It would be interesting to know how the main expenditure of £38 million is to be spent on aircraft? We are not allowed to know this, so I will leave that point because I have confidence in the views and opinions of the C.A.S. and the A.M.S.O. of the Royal Air Force on the important question of the proportion of bomber to fighter aircraft. I would like to know, however, what liaison there is between the R.A.F. and the Ministry of Civil Aviation in relation to transport aircraft? The best aircraft for troop carrying is the best transport aircraft for passengers. The need for speed, dependability and easy maintenance is common to both; the interior fittings are merely frills. A common, standardised, passenger plane would reduce costs and conserve manpower and, more important still, would enable us to put down a common spares' service throughout our routes. This would be available for the Royal Air Force, for British civil airline Corporations, and our Dominion Air Forces. This is no minor matter; it is no good having many good aircraft if we have not the spares for them, and if those spares are not in the right place.

While I do not intend to criticise expenditure on aircraft, I do not feel the same way about mechanical transport. Expenditure of £1,500,000 is out of all proportion to the other expenditure. I cannot believe that there cannot be economy here, that we cannot, for the time being, carry on with our present stocks of transport. I would like the House to realise the difference between this £1,500,000 and the £500,000 for the Reserves of the Royal Air Force. Under the heading "Mechanical Transport Vehicles and Marine Craft," there is over £600,000 for marine craft. Is that really necessary? My quarrel is with the shabby and unsympathetic treatment which is being meted out to Reserves of the R.A.F. Realising the sympathy and wisdom of the Minister and my hon. Friend the Under-Secretary, I look to real major adjustments in these Votes.

I am one of those who consider that money spent on the Royal Air Force is well spent. It is a good business investment today, even though we are faced with an economic crisis. As we must economise, I am afraid that it means we must do it at the expense of other Services. I would like to see a large Navy and a powerful Army, but if we cannot have them because of the shortage of money and manpower, we must not disperse our resources among the three Services, as a policy of appeasement to the Service chiefs of the other Services. We must ensure that our first line of defence, in the air, is adequate to meet an attack by a bomber fleet of any other nation within range and that our own bomber fleet has the necessary striking power to deter any nation from contemplating war against this country. This cannot be repeated too often.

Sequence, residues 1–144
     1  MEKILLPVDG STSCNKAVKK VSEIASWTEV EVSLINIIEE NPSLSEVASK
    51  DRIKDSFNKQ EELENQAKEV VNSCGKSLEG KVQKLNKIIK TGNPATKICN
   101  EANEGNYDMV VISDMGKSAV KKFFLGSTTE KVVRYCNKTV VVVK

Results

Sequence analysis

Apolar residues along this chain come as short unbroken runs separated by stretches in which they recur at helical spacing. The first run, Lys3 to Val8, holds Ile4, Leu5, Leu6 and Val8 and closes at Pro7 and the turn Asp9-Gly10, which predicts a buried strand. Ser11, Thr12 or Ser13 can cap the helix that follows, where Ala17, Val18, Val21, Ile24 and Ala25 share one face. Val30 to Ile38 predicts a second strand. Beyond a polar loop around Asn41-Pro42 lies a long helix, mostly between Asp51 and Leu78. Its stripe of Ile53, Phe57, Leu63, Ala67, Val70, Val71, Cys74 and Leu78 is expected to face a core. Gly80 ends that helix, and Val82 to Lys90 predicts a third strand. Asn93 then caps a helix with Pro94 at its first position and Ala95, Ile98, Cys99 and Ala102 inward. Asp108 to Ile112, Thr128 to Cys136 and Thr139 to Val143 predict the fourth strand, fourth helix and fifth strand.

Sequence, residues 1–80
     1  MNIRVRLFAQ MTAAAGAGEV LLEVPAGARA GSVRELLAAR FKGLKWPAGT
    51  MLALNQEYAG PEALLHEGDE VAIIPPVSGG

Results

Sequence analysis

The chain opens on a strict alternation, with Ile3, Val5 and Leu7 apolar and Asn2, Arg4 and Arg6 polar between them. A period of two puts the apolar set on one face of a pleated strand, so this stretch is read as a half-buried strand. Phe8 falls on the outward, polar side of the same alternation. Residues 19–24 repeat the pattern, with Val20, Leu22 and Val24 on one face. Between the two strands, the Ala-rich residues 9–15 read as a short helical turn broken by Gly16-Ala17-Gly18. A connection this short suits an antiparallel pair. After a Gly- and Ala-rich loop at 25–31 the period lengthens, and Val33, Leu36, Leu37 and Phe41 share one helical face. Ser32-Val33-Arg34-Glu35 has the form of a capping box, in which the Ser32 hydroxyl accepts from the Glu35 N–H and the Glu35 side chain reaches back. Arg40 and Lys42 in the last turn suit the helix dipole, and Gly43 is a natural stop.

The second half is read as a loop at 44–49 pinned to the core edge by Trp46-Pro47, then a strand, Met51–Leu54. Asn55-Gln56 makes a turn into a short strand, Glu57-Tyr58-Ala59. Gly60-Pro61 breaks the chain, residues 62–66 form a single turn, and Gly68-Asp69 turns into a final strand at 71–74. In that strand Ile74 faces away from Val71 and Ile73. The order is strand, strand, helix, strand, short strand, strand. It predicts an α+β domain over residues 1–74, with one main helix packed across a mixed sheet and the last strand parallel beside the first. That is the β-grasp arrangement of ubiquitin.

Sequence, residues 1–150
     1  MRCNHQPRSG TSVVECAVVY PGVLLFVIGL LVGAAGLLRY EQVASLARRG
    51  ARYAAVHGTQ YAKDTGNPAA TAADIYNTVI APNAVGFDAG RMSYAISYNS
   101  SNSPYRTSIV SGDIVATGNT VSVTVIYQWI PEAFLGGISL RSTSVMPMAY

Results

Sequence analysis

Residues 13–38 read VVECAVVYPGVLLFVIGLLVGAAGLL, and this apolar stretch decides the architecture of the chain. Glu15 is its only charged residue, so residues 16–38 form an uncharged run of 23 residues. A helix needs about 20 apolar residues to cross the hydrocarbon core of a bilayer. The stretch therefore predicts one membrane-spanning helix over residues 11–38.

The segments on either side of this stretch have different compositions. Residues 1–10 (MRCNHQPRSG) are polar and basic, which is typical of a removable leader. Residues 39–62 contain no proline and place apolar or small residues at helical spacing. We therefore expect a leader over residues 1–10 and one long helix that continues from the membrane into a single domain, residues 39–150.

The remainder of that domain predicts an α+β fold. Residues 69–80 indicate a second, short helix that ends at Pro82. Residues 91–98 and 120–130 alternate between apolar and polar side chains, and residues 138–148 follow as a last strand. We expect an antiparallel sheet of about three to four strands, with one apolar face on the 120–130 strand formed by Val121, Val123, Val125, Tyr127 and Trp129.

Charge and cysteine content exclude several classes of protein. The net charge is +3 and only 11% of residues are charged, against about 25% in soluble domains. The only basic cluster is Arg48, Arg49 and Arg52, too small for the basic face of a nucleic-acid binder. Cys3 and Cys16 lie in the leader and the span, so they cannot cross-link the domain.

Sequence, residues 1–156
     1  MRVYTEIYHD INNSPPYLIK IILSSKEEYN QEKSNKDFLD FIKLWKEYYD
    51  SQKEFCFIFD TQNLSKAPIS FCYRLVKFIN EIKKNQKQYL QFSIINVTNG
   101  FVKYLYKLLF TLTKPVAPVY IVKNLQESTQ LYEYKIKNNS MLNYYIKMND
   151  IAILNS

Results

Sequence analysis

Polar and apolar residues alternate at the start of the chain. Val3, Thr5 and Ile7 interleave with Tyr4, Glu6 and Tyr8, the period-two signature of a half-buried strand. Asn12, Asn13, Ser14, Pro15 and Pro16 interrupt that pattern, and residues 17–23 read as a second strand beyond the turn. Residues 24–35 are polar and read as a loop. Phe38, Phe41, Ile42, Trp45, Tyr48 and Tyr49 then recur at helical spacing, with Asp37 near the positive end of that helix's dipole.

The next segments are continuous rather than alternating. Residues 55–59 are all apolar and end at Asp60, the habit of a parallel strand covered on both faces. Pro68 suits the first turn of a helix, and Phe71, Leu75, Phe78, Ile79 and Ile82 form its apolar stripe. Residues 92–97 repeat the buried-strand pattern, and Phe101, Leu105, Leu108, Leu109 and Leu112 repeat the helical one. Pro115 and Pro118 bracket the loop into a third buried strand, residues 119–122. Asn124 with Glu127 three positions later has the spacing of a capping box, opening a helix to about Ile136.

We have no indication of the money and effort that are being expended in this field of air defence and attack by our Dominions. We can only hope that this is receiving the attention of His Majesty's Government, and that one scheme is being prepared for our own Air Force and the Air Forces of Canada, Australia, South Africa, and New Zealand. This scheme should include the standardisation of aircraft, armament and technique. I believe that had we used on the Royal Air Force a quarter of the resources which were put at the disposal of the Navy and Army in the last war, we should have shortened the war and saved many lives and much misery.

We must accept the fact that the next war will be fought with an intensity and speed never before known. The right hon. Gentleman opposite mentioned the new American report, in which that is clearly shown. This view is not new to the men who are leading the Royal Air Force today. It is to my mind doubtful whether our land and sea forces in any numbers will have the time to mobilise in the event of war, and, for these reasons, I beg that the Royal Air Force should be brought to the highest possible operational standard, with all its reserves adequately trained, within the shortest possible time, and that all other considerations now in the way should be put aside for the time being. What we want to do now is to get, as quickly as humanly possible, an effective striking force immediately available to strike.

In conclusion, may I say I did not like the remarks of the Secretary of State about a third Royal Air Force, although I know exactly what he means. I feel it is the wrong approach The Royal Air Force has fought in two wars, and it has built up a very great esprit de corps, which we do not want to change, though we might well change many other things We do not want a new third Royal Air Force; we want the old Royal Air Force modernised.

5.22 p.m.

Photo of Mr Emrys Hughes Mr Emrys Hughes , South Ayrshire